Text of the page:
Architectural engineering professor receives grant for color science course

Tessa M. Pick
April 07, 2021

UNIVERSITY PARK, Pa. — Dorukalp “Alp” Durmus, assistant professor of architectural engineering in the Penn State College of Engineering, received a $30,000 grant from the Nuckolls Fund for Lighting Education to establish a new color science course, “Color Science for Architecture, Design and Engineering.”

professor in collared shirt smiles and poses for professional headshot

Dorukalp “Alp” Durmus, assistant professor in architectural engineering in the Penn State College of Engineering, received a grant from the Nuckolls Fund for Lighting Education to establish a new color science course.

IMAGE: Penn State College of Engineering

The Nuckolls Fund for Lighting Education provides support for college-level lighting programs across the country. Each year, the organization evaluates proposals from numerous colleges and universities and funds the most innovative educational programs that focus on light in architecture, according to the fund’s website

“I was over the moon when I learned that the Nuckolls Fund selected my proposal,” Durmus said. “The grant will help me run tutorials using modern devices, such as eye-tracking technology, to highlight the importance of lighting and color in architectural spaces. The color science course will also include innovative teaching methods, such as active learning strategies.”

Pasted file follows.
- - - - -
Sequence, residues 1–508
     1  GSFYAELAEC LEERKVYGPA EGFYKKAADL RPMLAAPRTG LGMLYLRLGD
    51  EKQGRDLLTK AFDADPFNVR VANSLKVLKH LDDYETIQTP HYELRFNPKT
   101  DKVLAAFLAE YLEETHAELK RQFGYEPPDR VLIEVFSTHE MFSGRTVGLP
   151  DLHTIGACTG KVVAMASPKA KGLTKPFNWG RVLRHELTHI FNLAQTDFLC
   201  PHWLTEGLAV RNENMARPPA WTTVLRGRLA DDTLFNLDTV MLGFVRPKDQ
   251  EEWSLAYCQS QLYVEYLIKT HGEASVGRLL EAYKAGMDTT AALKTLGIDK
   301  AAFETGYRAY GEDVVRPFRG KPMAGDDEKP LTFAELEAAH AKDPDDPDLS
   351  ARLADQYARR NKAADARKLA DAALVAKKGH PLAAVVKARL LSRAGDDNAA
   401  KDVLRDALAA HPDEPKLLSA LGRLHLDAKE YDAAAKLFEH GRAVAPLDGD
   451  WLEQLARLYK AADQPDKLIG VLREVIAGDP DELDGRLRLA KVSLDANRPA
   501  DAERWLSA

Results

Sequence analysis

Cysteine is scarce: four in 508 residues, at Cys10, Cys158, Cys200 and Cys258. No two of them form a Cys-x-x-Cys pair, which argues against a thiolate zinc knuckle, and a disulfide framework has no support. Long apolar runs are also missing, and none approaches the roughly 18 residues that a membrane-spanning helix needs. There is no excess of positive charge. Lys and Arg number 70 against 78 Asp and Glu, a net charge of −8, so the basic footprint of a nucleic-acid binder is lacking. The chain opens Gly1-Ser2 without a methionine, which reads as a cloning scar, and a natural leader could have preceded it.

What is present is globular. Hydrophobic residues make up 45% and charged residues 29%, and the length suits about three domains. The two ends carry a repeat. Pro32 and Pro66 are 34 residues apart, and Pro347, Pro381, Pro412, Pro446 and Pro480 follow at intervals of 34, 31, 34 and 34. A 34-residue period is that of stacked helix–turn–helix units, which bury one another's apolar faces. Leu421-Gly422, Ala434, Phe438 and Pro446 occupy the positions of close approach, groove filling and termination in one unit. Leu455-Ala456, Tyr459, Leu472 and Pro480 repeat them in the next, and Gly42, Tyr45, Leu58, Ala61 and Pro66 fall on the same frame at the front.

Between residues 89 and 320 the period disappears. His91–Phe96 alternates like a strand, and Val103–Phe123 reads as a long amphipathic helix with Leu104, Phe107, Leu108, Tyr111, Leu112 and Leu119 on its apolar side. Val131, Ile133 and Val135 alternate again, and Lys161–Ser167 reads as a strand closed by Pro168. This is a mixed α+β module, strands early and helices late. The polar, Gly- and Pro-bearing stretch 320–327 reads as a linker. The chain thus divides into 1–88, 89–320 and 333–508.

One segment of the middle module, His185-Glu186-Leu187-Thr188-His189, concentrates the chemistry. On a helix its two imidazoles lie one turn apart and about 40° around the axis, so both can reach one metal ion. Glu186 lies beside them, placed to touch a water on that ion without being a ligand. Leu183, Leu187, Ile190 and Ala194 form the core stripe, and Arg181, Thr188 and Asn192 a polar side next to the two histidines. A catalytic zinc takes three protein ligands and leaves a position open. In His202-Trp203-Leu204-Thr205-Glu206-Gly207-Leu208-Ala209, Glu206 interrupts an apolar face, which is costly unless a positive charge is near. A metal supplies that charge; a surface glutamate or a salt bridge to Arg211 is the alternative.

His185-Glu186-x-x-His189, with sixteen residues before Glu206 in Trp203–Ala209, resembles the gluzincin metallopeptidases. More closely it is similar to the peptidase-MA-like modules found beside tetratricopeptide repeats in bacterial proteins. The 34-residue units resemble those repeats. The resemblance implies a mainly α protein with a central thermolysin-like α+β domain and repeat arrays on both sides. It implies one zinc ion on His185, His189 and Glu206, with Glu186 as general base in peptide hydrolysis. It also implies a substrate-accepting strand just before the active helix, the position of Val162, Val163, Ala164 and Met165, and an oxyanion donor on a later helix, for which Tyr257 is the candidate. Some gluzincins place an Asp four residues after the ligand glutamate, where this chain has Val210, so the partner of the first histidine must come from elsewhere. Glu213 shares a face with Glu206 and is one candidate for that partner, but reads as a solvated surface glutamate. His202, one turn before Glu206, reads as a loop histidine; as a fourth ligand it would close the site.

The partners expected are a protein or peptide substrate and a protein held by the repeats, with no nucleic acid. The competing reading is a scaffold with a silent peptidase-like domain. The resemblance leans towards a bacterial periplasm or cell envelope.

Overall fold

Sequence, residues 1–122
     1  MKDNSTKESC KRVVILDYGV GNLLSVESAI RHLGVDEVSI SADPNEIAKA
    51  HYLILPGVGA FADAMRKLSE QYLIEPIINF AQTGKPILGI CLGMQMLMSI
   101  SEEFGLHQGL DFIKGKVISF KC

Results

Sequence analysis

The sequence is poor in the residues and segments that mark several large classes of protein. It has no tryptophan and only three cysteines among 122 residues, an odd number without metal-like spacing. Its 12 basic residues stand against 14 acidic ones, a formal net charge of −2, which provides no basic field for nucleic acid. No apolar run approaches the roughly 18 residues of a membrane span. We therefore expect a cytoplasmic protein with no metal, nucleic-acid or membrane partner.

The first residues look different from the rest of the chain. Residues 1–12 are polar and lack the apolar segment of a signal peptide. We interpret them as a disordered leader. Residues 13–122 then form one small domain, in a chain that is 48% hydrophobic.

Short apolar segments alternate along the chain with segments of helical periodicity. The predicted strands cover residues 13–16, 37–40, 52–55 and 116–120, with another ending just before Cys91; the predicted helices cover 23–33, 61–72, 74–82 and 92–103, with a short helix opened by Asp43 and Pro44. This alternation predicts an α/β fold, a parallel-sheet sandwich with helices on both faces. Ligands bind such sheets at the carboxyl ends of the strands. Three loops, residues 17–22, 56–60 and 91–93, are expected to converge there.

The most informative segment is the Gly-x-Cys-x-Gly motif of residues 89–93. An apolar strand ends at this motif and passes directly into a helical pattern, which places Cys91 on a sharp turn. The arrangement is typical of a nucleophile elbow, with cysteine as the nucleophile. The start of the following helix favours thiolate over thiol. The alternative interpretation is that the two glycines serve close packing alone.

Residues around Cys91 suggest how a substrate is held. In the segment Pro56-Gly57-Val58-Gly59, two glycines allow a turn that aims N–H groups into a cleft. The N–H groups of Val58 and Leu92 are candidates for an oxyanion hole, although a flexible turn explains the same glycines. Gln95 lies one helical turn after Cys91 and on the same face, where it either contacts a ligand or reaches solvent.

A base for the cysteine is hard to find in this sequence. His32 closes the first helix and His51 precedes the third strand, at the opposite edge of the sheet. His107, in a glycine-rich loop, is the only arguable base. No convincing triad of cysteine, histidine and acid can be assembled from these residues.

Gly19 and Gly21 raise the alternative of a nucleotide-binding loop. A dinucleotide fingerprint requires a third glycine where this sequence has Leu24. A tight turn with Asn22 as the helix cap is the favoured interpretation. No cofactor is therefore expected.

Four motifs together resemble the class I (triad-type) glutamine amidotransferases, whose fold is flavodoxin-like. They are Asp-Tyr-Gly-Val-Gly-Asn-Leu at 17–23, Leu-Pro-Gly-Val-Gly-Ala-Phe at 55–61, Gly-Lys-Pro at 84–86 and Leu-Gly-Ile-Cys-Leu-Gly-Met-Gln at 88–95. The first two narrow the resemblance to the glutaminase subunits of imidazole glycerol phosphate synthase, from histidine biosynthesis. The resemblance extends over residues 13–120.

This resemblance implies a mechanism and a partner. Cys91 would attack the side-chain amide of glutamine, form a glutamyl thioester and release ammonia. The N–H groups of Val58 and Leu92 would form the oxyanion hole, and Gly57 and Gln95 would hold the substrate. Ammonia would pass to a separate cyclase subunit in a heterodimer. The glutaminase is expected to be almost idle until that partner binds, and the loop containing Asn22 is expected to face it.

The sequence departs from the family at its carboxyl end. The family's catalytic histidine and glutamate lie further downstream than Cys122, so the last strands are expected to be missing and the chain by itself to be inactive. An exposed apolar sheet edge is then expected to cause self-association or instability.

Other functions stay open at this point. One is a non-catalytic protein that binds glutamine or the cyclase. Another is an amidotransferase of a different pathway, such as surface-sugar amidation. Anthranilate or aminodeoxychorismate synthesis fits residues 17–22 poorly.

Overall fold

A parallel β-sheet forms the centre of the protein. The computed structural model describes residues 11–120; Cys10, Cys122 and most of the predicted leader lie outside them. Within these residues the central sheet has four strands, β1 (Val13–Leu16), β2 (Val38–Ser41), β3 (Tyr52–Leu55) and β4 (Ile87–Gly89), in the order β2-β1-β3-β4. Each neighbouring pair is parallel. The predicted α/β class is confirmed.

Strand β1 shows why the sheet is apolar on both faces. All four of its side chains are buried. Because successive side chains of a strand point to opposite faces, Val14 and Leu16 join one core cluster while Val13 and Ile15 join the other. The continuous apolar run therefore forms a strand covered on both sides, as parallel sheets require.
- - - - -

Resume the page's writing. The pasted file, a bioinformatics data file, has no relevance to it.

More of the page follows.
This new course will be the first permanent color science course in the Department of Architectural Engineering, and it will be one of the few comprehensive courses on color science in North America, according to Durmus. It will focus on an array of topics, including human color vision, color order systems, color rendition, chromatic adaptation, color appearance models and the use of color in art, design and architecture. 

“Color science is one of the most fundamental topics in lighting education, along with visual perception and photometry,” Durmus said. “Color science is the characterization of human color vision, and it provides mathematical models that help us estimate how people perceive spaces and light sources. These mathematical models have practical importance for lighting designers and engineers.”    

Although this course will be housed in the Department of Architectural Engineering, it will be open to all students. According to Durmus, this course’s curriculum will be beneficial to students from many disciplines. Durmus said he wants to bring this course to a wider audience and demonstrate the value of color science concepts to students from disciplines beyond illumination engineering. 

“Lighting is very interdisciplinary in nature. We have students from various backgrounds, and we continue to attract students from disciplines outside architectural engineering,” Durmus said. “There are a lot of valuable concepts and lessons to be learned for designers and engineers of all sorts.”

 

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Last Updated April 07, 2021